The impacts of heat stress on cattle can affect the food security and diet diversity of both livestock producers and consumers. Producers may experience income reduction, loss of assets, and decreased resilience of their livelihoods, while consumers may face higher prices for meat and milk, says Thornton.
Food supply depends on products coming from farms, so anytime there is a disruption in these systems, the entire food supply chain suffers, says Stone. “We may see a shift in where these farms are in relation to our consumers—for example, ‘local’ may be a farm 100 miles away instead of 10—and there will be fewer farms with more cows supplying all our needs,” she adds. Therefore, it’s crucial to mitigate the impacts of increasing heat stress on cattle production.
Farmers may adopt various adaptation interventions
However, there are plenty of adaptation methods that farmers can try to keep their cows cool even in record-breaking heat.
Cows can’t sweat as humans do, so in confinement operations where cows live inside a barn, fans and sprinklers can be used to create an evaporative cooling system, says Stone. There are also sensor technologies that monitor cow behavior as well as physiological and production changes, which can adjust barn temperatures based on what is happening with the cows, she adds.
For outdoor production systems, a wide range of feed additives such as betaine or chromium may alleviate heat stress to an extent due to their antioxidant capacity. Livestock grazing systems coupled with trees can also be effective in shading animals during hot and humid spells, says Thornton. In parts of Africa, some farmers are switching species altogether: from cattle to more heat-resilient goats or even camels, he adds.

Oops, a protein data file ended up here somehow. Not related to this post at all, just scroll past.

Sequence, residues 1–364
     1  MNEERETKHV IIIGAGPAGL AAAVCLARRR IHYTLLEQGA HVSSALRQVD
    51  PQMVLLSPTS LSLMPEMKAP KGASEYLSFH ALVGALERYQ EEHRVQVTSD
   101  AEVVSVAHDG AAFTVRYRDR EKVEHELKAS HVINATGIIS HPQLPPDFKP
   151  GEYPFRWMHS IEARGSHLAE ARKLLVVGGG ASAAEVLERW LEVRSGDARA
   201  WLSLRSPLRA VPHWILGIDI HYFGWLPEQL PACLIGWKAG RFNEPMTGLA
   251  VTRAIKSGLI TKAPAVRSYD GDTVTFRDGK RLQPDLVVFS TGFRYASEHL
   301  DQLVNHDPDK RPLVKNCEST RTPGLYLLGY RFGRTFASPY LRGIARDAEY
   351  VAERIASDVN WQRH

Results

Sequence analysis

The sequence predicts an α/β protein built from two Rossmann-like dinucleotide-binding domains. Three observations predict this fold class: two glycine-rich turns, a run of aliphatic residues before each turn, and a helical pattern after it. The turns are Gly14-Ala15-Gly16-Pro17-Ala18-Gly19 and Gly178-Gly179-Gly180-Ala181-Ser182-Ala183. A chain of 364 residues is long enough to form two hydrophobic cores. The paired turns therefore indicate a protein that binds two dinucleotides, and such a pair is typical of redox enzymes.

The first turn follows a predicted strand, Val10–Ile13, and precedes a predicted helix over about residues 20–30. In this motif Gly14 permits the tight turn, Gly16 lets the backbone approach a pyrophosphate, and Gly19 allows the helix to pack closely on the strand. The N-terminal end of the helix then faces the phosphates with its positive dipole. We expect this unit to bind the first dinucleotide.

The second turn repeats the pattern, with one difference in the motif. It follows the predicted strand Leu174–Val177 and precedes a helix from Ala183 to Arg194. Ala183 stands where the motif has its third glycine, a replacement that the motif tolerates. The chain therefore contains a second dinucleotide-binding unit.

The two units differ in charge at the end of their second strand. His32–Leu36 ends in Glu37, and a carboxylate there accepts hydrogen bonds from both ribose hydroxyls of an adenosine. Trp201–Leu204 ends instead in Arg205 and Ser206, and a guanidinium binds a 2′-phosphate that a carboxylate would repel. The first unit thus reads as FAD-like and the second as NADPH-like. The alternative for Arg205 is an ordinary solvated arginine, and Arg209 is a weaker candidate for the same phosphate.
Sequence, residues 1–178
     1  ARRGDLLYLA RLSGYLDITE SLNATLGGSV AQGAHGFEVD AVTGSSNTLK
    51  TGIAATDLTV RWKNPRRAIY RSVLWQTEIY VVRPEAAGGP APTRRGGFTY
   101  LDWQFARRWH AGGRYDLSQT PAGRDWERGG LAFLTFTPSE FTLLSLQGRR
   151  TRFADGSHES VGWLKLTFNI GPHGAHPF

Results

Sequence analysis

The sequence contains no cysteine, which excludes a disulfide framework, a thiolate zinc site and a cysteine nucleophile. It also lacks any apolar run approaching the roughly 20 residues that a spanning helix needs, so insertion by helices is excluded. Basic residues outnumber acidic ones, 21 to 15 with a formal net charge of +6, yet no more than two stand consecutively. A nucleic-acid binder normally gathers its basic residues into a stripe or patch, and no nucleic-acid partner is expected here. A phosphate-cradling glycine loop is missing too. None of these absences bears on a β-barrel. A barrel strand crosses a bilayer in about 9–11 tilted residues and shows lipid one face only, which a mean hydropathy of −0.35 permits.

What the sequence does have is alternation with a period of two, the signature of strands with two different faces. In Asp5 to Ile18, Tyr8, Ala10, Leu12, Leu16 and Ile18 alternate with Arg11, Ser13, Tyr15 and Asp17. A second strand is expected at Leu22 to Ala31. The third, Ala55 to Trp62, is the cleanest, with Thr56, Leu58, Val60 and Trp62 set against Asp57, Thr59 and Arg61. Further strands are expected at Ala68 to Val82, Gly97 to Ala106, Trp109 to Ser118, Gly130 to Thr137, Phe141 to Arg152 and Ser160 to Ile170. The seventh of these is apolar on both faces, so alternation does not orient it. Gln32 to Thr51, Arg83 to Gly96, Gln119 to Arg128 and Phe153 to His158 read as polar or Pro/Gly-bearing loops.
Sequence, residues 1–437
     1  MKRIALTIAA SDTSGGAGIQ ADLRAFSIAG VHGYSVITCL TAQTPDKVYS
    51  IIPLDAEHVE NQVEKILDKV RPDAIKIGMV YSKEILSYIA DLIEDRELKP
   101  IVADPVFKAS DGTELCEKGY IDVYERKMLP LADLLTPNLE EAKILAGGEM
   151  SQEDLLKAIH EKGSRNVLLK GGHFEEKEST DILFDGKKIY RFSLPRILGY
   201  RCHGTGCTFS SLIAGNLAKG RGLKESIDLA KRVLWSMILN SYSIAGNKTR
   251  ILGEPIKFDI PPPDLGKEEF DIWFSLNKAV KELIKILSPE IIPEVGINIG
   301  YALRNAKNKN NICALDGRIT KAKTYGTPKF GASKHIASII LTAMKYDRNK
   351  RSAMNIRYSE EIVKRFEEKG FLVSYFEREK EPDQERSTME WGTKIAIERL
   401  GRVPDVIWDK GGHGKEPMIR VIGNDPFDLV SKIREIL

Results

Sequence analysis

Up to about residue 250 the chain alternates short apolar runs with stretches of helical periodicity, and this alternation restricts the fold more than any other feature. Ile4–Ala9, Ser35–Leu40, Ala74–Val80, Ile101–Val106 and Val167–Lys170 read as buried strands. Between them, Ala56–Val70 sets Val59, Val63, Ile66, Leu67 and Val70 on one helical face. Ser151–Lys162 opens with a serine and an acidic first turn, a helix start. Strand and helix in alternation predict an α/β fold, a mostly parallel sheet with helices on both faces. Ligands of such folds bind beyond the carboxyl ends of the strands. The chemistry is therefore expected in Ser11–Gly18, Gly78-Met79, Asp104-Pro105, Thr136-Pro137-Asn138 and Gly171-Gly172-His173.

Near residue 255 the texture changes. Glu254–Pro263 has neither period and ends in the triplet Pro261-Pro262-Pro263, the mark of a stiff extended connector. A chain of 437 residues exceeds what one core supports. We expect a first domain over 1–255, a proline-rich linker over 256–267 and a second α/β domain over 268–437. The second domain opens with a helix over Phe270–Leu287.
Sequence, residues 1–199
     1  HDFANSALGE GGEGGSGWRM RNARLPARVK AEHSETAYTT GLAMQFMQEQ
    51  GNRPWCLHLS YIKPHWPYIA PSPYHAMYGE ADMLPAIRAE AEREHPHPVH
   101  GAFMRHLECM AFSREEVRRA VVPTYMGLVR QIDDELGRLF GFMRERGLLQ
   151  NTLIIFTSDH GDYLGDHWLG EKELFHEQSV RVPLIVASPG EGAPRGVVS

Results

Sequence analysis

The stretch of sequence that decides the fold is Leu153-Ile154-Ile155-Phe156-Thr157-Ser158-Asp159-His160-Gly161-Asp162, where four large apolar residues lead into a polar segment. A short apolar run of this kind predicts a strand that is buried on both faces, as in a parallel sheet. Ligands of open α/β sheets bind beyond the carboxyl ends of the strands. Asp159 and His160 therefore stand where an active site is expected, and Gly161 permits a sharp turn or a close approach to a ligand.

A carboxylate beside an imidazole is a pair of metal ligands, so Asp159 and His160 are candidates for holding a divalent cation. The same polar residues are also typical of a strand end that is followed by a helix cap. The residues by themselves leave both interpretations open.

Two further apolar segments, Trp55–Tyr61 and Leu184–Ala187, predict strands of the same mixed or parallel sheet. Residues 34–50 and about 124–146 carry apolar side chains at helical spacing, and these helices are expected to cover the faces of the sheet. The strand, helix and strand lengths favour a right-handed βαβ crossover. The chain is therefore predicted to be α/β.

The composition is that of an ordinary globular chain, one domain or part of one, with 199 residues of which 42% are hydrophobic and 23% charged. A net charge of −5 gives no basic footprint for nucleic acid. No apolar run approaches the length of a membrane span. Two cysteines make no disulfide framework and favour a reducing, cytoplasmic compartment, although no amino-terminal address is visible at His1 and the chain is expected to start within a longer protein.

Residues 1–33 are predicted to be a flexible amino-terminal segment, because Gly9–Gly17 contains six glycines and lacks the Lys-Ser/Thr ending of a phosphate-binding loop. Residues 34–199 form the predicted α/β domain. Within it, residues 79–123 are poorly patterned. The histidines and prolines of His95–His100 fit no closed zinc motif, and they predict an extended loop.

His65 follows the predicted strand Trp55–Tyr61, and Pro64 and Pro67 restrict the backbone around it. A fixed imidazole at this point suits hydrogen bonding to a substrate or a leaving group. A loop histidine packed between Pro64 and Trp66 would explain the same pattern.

“In the longer term, there are prospects for breeding animals with greater heat stress tolerance, also perhaps through cross-breeding programs,” says Thornton. “Such approaches may be quite costly and take several years to come to fruition, however.”
Policymakers will have to support the cattle industry
To keep dairy producers in business with the rising costs of production and decreased production as a result of increasing heat load, producers need to receive more money per unit of milk produced, says Stone.
“Policies that control the volatility of the milk market are of utmost importance to dairy farmers,” she adds. “We continue to improve our efficiencies to produce more milk with [fewer] cows, land, and resources, but there has been little reward for these improvements in a producers’ bottom line. The continued expectation that farmers can continue to do more and more with less and less has to have a breaking point and I believe we may be reaching it.”
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As the world continues to get hotter, heat stress becomes an increasingly challenging issue both for livestock and the humans working outdoors. Some places will be too hot for animals to thrive, especially in lower-income countries. Moving livestock production to more conducive environments within countries may be an option, although this will be heavily dependent on the nation’s markets, economics, and social and cultural considerations, says Thornton.
However, all measures to address the effects of heat stress must be coupled with a significant decrease in emissions to mitigate climate change and further global warming. “In the long run,” says Thornton, “the most effective way to address the challenge is to redouble our collective efforts to reduce greenhouse gas emissions as quickly and as comprehensively as possible.”